Really it’s a classic braise with a mirepoix, red wine and good stock. The flavour is rich and delicious no matter what cut of meat you use. The last couple of winters we’ve escaped to the tropics, but I needed to have a winter at home to enjoy the upside. I’m loving winter!

      Like

  5. Glenda
    June 18, 2014

    Hi Sandra, I am having so much fun this winter braising ‘cheap’ cuts. The taste is amazing. I haven’t tried cheeks yet but I can appreciate how yummy they would be.

    Like

    • ladyredspecs
      June 18, 2014

      Glenda, cheeks have a unique texture. They are soft and succulent but keep their structure. They are truly delicious. Try them, you’ll be hooked. I’m braising short ribs next, then rabbit is on my list.

      Like

  6. Sally
    June 18, 2014

    Not just Winter. Sitting here with the temperature at 40 C outside and craving some of this.

    Like

  7. Michelle
    June 18, 2014

    Beef cheeks are so delicious. The perfect food for winter, even a temperate one!

    Like

  8. Marie-whenspoonmeetspot
    June 18, 2014

    Delicious food! Always tried it with Pig’s cheeks, will have a lookout for beef cheeks πŸ™‚ and the wine just adds that extra “yummieness”!

    Like

  9. dishnthekitchen
    June 18, 2014

    This looks delicious! I love beef cheeks. How do you feel about tongue? Hubby bought one from a guy at work and it’s sitting in my freezer. Not sure what to do with it…..

    Like

    • ladyredspecs
      June 18, 2014

      I’ve only ever eaten tongue prepared by some one else, it’s okay,…..

      Like

      • Eha
        June 18, 2014

        Tongue, to me, is the most delightful part of a cow! Lots of easy ways to cook, but place in pot of water to cover with the usual peppercorns, bay leaves, cut up carrot, celery and onion – perhaps some garlic cloves if you desire – bring to boil, reduce heat, try for softness after 2-3 hours . . . Drain . . . Take skin off whilst still hot [easy at that stage] . Cut at an angle into medium slices and eat with a strong mustard or fresh horseradish sauce and anything else one may like for a one pot dinner. Rest fantastic cold in salads and sandwiches πŸ™‚ ! Absolutely sensual and exciting!!!!

        Like

      • ladyredspecs
        June 18, 2014

        Is tongue a cut that needs to be pickled like corned beef?

        Like

    • Eha
      June 18, 2014

      Well, it may have more than one guise! But I have always seen it come ‘salted’ like corned beef already at the butchers. When my erstwhile MIL taught me to cook it, she always taught to put it into clear, cold water for at least 3-4 hours, changing the water once if I did happen to walk past! I guess I do that step automatically!! But, to me, the consistency and taste are just great! Oh yes, I do use it after ‘fried up ‘ and in stirfries also πŸ™‚ !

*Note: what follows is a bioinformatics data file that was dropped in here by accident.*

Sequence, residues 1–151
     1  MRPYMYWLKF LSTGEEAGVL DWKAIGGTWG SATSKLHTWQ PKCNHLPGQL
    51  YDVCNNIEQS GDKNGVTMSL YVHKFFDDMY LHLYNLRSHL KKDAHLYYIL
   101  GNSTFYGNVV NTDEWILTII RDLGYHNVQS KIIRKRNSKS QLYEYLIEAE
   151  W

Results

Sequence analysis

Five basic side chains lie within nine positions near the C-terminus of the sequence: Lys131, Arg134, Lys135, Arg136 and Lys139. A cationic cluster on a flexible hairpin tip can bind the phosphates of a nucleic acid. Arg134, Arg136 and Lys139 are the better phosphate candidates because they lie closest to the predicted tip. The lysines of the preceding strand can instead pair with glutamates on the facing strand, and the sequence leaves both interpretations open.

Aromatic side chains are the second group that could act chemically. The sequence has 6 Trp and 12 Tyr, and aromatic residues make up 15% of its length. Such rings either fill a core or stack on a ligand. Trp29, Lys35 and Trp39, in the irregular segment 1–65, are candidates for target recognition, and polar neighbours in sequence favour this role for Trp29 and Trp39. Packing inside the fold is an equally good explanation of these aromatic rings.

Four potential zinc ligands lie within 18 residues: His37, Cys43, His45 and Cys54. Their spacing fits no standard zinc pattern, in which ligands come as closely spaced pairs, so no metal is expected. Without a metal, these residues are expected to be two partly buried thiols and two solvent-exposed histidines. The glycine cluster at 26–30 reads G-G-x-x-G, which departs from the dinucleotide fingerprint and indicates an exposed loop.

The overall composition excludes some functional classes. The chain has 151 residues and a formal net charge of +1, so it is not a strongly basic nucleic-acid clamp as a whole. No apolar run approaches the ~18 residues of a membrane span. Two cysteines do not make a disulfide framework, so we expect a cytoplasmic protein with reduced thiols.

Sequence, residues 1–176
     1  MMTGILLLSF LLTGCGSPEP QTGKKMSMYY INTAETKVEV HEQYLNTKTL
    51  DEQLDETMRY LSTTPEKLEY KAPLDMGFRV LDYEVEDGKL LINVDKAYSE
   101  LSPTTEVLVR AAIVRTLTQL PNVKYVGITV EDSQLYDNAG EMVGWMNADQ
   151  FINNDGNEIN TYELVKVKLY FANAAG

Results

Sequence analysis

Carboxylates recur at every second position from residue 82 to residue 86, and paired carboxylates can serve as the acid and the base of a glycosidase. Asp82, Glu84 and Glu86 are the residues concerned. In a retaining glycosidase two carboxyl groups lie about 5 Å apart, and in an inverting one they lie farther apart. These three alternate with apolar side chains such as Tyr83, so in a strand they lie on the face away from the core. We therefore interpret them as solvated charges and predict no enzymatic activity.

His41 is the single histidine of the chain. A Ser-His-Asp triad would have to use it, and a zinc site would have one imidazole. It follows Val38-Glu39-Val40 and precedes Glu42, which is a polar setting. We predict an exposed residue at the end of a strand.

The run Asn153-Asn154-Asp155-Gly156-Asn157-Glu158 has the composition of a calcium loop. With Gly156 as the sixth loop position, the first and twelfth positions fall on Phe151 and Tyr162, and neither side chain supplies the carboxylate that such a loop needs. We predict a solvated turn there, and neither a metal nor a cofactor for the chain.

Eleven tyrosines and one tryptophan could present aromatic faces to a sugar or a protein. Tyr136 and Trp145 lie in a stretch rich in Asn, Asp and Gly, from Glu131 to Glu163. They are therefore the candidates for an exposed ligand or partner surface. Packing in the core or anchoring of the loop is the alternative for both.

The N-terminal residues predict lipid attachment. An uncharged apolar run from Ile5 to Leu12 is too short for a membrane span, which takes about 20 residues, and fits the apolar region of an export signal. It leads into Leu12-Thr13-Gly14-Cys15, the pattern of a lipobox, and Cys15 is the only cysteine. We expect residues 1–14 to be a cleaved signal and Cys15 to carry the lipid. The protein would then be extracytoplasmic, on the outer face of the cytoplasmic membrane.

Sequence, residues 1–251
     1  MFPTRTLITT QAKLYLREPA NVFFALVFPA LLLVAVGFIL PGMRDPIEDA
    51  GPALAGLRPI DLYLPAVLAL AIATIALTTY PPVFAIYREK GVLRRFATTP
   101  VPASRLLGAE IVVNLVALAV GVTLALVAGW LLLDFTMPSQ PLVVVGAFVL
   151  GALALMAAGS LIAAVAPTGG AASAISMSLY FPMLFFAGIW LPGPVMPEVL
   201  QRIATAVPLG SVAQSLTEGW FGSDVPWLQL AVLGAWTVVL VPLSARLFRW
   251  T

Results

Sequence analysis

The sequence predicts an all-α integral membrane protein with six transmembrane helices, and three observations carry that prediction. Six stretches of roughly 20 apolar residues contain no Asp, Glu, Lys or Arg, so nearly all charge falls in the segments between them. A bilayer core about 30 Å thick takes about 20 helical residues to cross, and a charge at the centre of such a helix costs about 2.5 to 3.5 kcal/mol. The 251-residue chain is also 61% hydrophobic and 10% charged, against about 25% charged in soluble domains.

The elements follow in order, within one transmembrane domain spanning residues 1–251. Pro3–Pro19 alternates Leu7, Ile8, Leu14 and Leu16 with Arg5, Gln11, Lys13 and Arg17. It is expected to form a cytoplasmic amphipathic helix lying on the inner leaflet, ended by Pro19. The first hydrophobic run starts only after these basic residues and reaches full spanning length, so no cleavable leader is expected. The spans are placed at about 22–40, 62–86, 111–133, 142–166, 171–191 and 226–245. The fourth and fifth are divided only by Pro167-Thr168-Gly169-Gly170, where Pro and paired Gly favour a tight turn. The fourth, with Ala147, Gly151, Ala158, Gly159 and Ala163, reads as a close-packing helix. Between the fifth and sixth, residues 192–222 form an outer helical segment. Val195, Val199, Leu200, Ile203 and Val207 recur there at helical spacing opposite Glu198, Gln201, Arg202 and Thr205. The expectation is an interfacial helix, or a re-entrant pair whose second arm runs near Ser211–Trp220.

Like

  10. My Kitchen Witch
    June 18, 2014

    It sounds like Melbourne has British weather! I love slow cooked meats and the cheaper cuts are so good done this way. All those veggies and herbs would perfectly complement!

    Like

  11. tinywhitecottage
    June 18, 2014

    Really love this cooking method. I have never heard of covering the beef with cooking paper before baking. Also, what a brilliant idea to refrigerate overnight, skim the fat and reheat! Makes perfect sense. Beautiful recipe.

    Like

    • ladyredspecs
      June 18, 2014

      Thanks Seana. As the sauce reduces the exposed meat has the potential to dry out, the paper keeps the beef moist. I think any slow cooked food tastes better the next day, the flavours “ripen” and the other bonus is that it’s super easy to remove any fat. For me slow cooked food makes winter enjoyable!

      Like

  12. marymtf
    June 17, 2014

    Haven’t tried beef cheeks yet. Your recipe sounds lovely.

    Like

    • ladyredspecs
      June 17, 2014

      Nice to see you around Mary. Beef cheeks are a wonderful cut. The meat literally melts in your mouth when slow cooked.

      Like

  13. trixfred30
    June 17, 2014

    My favourite beef! Absolutely the best.. BTW its supposed to be summer here but we have renamed it ‘Grey’ – no sun just greyness.

    Like

  14. cheergerm
    June 17, 2014

    Mmmm…this looks fine, love me a slow cooked winter casserole. Beef cheeks are fab, I have always got the butcher to trim them. Nice knife work! Winter has hit Sydney and whilst it’s certainly not the Antarctic, it’s cold for here. I grew up in Melbourne and when I first moved here I laughed at all the Sydney folks complaining of the ‘cold’..now I am one of them!

    Like

    • ladyredspecs
      June 17, 2014

      We have gone away the passed couple of winters but decided to stay put this years. I’m feeling the cold, so a warm braise in the oven is perfect for dinner. We all like to whinge about the weather……

      Like

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This entry was posted on June 17, 2014 by in Beef, Food, Gluten Free, Main Meals and tagged , , , , , , .